The Ferrari SP3JC and SP38 Deborah are the latest creations of the Ferrari Special Project department, but let’s take a look at how they took on things in the 1980s.
The Ferrari Testarossa was introduced at the 1984 Paris Motor Show as the successor of the BB 512i. Ferrari entered a new era of car design: the long side ‘egg slicers’, the triangle shaped body and the rear-strakes - to supposedly protect the lights - quickly became the car’s most recognizable features.
Ferrari never planned to build an open-top version of the Testarossa, but when Fiat-Chairman Gianni Agnelli came knocking on the factory’s door, the designers went back to the drawing board. According to Ferrari archives, they started off with a normal Testarossa on 27 February 1986. Only four months later, the car was finished and delivered to Agnelli in Turin with his personalised number plate ‘TO 00000G’, just in time to celebrate his 20 years as the president of Fiat.
Ferrari did not just take the roof off an existing Testarossa to then hand it over to Agnelli. The floor was strengthened and an electrically operated frame was installed to support the soft-top. Because of a leg injury, Agnelli couldn’t drive manual cars all day long. Ferrari found a solution and installed a button which he needed to press if he wanted to drive in automatic mode. This made this particular car the only Testarossa with automatic gearbox.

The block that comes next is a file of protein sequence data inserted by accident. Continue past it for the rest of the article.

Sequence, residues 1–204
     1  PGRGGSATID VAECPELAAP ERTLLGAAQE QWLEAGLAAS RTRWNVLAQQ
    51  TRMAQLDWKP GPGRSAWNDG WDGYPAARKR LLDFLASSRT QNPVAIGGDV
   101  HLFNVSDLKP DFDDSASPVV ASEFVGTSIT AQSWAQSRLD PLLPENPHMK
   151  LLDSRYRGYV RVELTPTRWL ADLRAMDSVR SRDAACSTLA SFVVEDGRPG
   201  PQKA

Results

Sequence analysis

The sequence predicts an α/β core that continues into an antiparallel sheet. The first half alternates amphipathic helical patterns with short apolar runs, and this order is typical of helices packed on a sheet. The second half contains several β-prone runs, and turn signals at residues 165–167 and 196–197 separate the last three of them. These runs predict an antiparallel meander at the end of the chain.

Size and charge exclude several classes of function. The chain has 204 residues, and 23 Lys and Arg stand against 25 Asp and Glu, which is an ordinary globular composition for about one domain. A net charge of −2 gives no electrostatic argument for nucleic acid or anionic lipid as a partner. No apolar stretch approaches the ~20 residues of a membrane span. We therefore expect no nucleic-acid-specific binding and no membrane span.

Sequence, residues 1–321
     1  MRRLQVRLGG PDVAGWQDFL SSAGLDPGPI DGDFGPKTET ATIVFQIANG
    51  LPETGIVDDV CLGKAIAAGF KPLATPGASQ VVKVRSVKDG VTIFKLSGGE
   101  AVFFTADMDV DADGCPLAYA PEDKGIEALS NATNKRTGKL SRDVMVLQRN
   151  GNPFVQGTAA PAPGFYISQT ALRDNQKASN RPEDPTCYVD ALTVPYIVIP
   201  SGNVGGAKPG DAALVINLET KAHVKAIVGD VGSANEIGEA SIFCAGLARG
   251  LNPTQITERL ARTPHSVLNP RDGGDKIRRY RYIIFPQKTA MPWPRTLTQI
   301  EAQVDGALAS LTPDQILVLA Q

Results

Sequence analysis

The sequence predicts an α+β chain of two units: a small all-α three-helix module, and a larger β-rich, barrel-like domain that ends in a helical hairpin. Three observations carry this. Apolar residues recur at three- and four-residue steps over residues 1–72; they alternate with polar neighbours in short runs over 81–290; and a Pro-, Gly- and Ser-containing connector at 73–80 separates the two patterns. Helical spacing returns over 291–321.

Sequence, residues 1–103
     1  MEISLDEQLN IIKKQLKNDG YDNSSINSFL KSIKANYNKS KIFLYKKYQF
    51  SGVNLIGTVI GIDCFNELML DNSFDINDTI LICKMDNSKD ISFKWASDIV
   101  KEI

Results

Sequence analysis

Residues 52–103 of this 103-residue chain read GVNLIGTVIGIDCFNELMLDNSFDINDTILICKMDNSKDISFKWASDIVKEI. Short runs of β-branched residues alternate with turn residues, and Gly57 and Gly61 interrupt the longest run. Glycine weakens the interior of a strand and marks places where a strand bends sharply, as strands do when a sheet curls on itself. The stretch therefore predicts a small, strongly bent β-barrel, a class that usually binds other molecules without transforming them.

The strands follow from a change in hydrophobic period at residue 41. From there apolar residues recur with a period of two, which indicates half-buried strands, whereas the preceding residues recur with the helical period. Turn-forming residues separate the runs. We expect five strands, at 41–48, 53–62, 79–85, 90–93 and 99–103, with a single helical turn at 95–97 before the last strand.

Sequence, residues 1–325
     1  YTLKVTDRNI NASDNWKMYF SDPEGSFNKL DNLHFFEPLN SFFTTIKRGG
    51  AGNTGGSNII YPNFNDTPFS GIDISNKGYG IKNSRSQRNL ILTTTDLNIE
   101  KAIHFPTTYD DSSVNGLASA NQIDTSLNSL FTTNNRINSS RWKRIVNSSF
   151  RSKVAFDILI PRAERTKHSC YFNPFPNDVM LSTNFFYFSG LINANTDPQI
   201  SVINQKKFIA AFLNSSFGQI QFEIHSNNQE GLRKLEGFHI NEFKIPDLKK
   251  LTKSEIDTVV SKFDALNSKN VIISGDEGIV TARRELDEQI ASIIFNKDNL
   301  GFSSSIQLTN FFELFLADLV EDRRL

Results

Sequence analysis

Traditional red wasn’t for Agnelli. Instead, he ordered the car in Argento Nürburgring as ‘AG’ is the periodic table’s symbol for silver which also happens to be the first two letters of his last name. To make it a bit more outstanding, blue pin stripes were added across the side windows and lower black sills and the interior was finished in dark blue leather.
Agnelli sold the car to a close friend in 1991 after he showed the car during a party. His friend fell in love with the Spider and Agnelli sold it to him. He enjoyed the car until 2016 when it sold during a Retromobile Auction for a whopping €1.210.080.
The car is currently in the hands of Ferrari fanatic Ronald Stern. As mentioned in an interview with TOFM, Stern was looking for a truly unique one-off car. He met Leonardo Fioravanti in Maranello when it was in for the Classische Certification: ‘’It was a privilege to have the man who oversaw its creation explain the various things they’d originally done to engineer and reinforce the car’s chassis.’’ Piero Ferrari personally handed over the certification when the car was delivered to Sterns home in London.
Aftermarket Ferrari Testarossa Spiders
Many Ferrari clients noticed the Testarossa Spider and wanted one for their own. Ferrari declined every inquiry simply because the structure of the roof would be too hard to put into mass production. Luckily, for those that wished one, aftermarket companies such as Pavesi, Lorentz and Koenig converted Testarossas into open-top versions.
Written by Max Lammers
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